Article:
2. Self-loading shotguns, rim-fire and centre fire rifles
  3. Firearms capable of discharging liquid, powder, gas, chemicals, flares or dye
  4. Canons and powerheads, and
  5. Firearms disguised as other items, such as walking sticks

Again, duress, necessity and self-defence are legal defences to the charge.

Giving possession of firearms or firearm parts to unauthorised persons

Giving possession of firearms or firearm parts to unauthorised persons is an offence under section 50B of the Act which carries a maximum penalty of 5 years in prison, or 14 years where the firearm was a pistol or prohibited firearm.

To establish the offence, the prosecution must prove beyond reasonable doubt that:

  1. You gave possession of a firearm to another person, and
  2. The person you gave the firearm to was not authorised to possess it.

Again, duress, necessity and self-defence are defences to the charge.

Australia’s tough gun laws

Former Prime Minister John Howard is responsible for Federal gun legislation introduced as a result of the Port Arthur Massacre in April 1996, when gunman Martin Bryant killed 35 people. He later pleaded guilty and is serving 35 life sentences without the possibility of parole.

At the time, the gun lobby, and other factions of government were fiercely opposed to the laws which proposed a national approach to gun control, including banning military-style firearms and instituting a buyback of unregistered, illegal and unwanted firearms.

The legislation did pass, however, and over time the introduction of the laws, has become considered to be a significant contributing factor to Australia’s declining rates of both homicide, and suicide by gunshot over the past few decades. Certainly, many countries look to Australia’s legislation when considering their own, given that it doesn’t prohibit gun ownership, but it is tightly controlled.

The basic premise of the laws is that a person must have a genuine reason to have a firearm, such as being the owner of a rural property or being a current member of an approved hunting club.

Anyone who wants to own a firearm must obtain a firearm licence, and there are strict penalties for breaking the many rules and regulations that come with owning a firearm. Australia also has a national firearms registry which aims to track the items around the country.

When legislation was first introduced in 1966, the government also set out a national amnesty period during which prohibited and unregistered firearms could be surrendered; and it also created a buy-back scheme, created through a fund levy on income tax to purchase banned firearms from owners.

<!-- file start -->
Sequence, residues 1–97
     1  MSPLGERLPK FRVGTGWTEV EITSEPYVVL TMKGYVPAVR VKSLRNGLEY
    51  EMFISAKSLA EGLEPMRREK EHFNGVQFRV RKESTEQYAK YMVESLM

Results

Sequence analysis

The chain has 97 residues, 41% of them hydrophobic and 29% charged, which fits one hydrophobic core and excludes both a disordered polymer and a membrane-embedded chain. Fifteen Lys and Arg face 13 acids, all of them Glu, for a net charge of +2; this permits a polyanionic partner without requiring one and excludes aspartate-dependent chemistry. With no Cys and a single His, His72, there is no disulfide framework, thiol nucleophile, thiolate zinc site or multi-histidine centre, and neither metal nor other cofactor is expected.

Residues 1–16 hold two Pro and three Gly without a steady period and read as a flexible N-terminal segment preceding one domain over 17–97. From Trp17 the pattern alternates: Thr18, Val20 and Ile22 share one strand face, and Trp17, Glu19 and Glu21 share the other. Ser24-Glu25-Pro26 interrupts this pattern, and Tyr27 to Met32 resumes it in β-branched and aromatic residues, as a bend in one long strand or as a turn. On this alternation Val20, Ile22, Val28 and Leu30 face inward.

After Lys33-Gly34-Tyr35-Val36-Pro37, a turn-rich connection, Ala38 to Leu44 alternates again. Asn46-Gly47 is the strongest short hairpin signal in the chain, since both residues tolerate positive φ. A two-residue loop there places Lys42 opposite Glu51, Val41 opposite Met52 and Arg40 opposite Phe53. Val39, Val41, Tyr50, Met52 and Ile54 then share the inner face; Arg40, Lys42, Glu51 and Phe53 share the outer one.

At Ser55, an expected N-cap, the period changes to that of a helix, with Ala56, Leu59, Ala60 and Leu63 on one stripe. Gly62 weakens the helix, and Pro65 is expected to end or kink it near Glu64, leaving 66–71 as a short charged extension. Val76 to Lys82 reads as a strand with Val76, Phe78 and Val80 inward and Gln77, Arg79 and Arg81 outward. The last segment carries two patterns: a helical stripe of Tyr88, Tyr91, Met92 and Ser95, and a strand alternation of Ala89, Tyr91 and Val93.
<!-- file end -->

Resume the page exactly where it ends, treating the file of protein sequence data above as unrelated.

Continuous amnesty to hand in firearms

Following a three month amnesty in 2017, during which more than 57,000 firearms were handed into police, all states and territories across Australia agreed to make the nationwide amnesty a continuous program — meaning it has no end date —  enabling owners to hand in their firearms without questions being asked of them.

Having a continuous gun amnesty, along with very strict laws, are both designed to ensure that  unwanted, unregistered or illegal firearms, firearm parts, banned firearm accessories and ammunition are able to be disposed of properly, and taken out of the community, making it harder for guns to fall into the hands of criminals or innocent children.

The amnesty means people can hand over the items without fear of criminal charges being brought against them.

Going to court for a firearms offence?

If you have been accused of a firearms offence and are going to court, call Sydney Criminal Lawyers anytime on (02) 9261 8881 for strong representation by an experienced criminal defence team who will explain your options, the best way forward and fight for the optimal outcome in your case.

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Sonia Hickey

Sonia Hickey is a freelance writer, magazine journalist, and owner of 'Woman with Words'. She has a strong interest in social justice and is a member of the Sydney Criminal Lawyers® content team. Sonia is the winner of the Mondaq Thought Leadership Awards, Spring 2022.
Ugur Nedim

Ugur Nedim

Ugur Nedim is an Accredited Criminal Law Specialist with 25 years of experience as a Criminal Defence Lawyer. He is the Principal of Sydney Criminal Lawyers®.